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Western Pygmy Blue Fall 2012 Natural History Butterflies first appeared on the earth during the Eocene epoch, 40-50 million years ago. They can be found.

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Presentation on theme: "Western Pygmy Blue Fall 2012 Natural History Butterflies first appeared on the earth during the Eocene epoch, 40-50 million years ago. They can be found."— Presentation transcript:

1 Western Pygmy Blue Fall 2012 Natural History Butterflies first appeared on the earth during the Eocene epoch, million years ago. They can be found on every continent on earth except Antarctica. Butterflies feed primarily on nectar from flowers. Some also derive nourishment from pollen, tree sap, rotting fruit, dung, decaying flesh, and dissolved minerals in wet sand or dirt to obtain additional nutrients. SCC Open Space Authority Mid Peninsula Open Space District CalPhotos, UC Berkeley Open Space Parks & Preserves On-Line Plant, Animal, Insect ID Books & Publications Local Butterflies of the San Francisco Bay Area, Field Guide to Butterflies of the San Francisco Bay and Sacramento Valley Regions, Arthur M. Shapiro and Timothy D. Manolis, UC Press KAUFMAN Field Guide to Butterflies of North America, J.P. Brock & K. Kaufman © 2012 Cait Hutnik, Photographer, LightofMorn.com Santa Clara County Parks & Recreation Resources As adults, butterflies consume only liquids which are ingested by means of their proboscis. They sip water from damp patches for hydration. This behavior is known as mud-puddling. Butterflies use their antennae to sense the air for wind direction and scents. Vision is well developed in butterflies and most species are sensitive to the ultraviolet spectrum. Most butterfly species are deaf but are capable of sensing vibrations that could signal approaching danger. The Butterfly Site, Al Shapiros Butterfly Site, Ulistac Natural Area (butterfly nectar plants) 4901 Lick Mill Blvd, Santa Clara, CA Nectar Garden (butterflies & hummingbirds) Coyote Hills Regional Park, East Bay Parks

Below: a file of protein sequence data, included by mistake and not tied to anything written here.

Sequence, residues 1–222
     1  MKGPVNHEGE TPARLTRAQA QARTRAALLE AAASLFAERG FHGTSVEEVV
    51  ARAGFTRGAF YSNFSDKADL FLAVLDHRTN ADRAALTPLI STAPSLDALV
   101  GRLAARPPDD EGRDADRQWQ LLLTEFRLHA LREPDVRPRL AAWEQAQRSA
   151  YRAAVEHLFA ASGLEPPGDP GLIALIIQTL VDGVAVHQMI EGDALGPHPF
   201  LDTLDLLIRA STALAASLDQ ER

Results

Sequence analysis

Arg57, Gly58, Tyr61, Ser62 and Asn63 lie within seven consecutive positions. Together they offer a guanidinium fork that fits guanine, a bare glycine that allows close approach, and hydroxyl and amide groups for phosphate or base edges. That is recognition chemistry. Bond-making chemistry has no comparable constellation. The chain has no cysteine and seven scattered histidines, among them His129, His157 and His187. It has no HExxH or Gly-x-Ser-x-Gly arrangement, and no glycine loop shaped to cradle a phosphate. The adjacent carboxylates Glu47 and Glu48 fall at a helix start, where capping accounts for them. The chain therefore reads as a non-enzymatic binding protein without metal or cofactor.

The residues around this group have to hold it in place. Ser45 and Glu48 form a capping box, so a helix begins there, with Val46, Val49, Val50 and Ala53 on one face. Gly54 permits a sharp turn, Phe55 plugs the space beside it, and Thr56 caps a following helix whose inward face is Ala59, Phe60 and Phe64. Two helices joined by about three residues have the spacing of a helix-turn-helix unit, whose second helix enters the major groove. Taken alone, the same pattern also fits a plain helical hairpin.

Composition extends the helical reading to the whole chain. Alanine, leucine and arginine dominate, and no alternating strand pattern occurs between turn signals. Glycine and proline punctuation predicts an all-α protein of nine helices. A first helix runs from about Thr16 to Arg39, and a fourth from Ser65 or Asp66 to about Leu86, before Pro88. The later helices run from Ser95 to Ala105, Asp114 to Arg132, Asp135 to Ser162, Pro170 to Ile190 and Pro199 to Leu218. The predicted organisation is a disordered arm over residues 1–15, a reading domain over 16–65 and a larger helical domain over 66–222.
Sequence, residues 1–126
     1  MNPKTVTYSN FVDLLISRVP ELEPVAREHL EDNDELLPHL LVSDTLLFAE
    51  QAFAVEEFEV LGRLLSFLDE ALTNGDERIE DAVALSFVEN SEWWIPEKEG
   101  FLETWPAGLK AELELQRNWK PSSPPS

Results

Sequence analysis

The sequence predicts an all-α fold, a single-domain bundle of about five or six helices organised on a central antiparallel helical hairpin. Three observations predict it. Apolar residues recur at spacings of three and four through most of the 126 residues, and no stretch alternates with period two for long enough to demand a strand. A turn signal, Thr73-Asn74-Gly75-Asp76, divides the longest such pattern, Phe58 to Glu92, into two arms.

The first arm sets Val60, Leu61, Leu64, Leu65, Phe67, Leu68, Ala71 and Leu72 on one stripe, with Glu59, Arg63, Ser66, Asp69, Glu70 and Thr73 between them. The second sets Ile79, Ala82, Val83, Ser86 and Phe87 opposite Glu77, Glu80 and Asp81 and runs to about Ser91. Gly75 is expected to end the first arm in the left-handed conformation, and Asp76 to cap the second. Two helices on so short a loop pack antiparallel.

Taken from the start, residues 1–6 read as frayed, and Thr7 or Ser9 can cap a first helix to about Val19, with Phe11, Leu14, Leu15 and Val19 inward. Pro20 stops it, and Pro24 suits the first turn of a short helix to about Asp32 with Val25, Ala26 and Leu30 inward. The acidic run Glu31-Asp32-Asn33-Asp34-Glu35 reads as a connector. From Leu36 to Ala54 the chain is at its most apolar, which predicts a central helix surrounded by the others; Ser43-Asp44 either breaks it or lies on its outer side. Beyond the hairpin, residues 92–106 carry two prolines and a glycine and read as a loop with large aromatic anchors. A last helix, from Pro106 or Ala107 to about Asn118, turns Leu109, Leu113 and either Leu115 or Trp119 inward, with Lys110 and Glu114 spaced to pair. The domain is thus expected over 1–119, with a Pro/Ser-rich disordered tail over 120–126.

2 Favoring harsh salt marsh and alkaline tidal environments, Californias smallest butterfly, the Western Pygmy Blue is a hardy survivor that flies spring through fall and produces 2-4 broods per year. Pygmy Blues are most noticeable in late summer, early fall, when breeding activity is at its peak. Clouds of Pygmy Blues flutter busily searching for mates or foraging for food on shrubs such as Salt-Bush, Russian Thistle, Lambsquarters, and Pickleweed. Diminishing food sources and the onset of winter bring the Pygmy Blues seasonal life cycle to its close. Female Pygmy Blue is a warm brown color with blue highlights on its wings. Male Pygmy Blue is darker than the female, with dark blue highlights and white edging on its wings. Female Pygmy Blue with wings erect. Markings on under side of hind wings include iridescent spots along the lower edge that, when reflecting light, shine like tiny mirrors. Both males and females share these hind wing markings. The Pygmy Blue is a quick, nervous flyer often spending little time pausing on food sources, or to sun themselves making it difficult to fully appreciate their exquisite beauty. Their size ranges from ½ to ¾ inch. Females tend to be larger than males, but habitat plays an important role in the general size of the species in specific areas. Like most insects, butterflies need warm temperatures in order to fly. The best times of day for viewing butterflies is between 10AM and 3PM. Butterflies shelter for the night at high points in their territory in order to catch the first rays of the morning sun. The lifespan of butterflies is fairly short. Most live a single season from egg to adulthood. The flight life of the average butterfly is 7 to 12 days. During this short span, they must find enough food daily to survive, they must hunt for a suitable mate and find safe places to lay their eggs. Butterflies have many natural enemies. Predators include spiders, mantis, dragonflies, toads, lizards, birds and small mammals. To combat these threats, butterflies have evolved defense mechanisms that include foul taste, bright warning colors, large fake eye spots on wings, and the ability to wiggle their hind wings to distract predators from attacking the butterflys more vital body parts.


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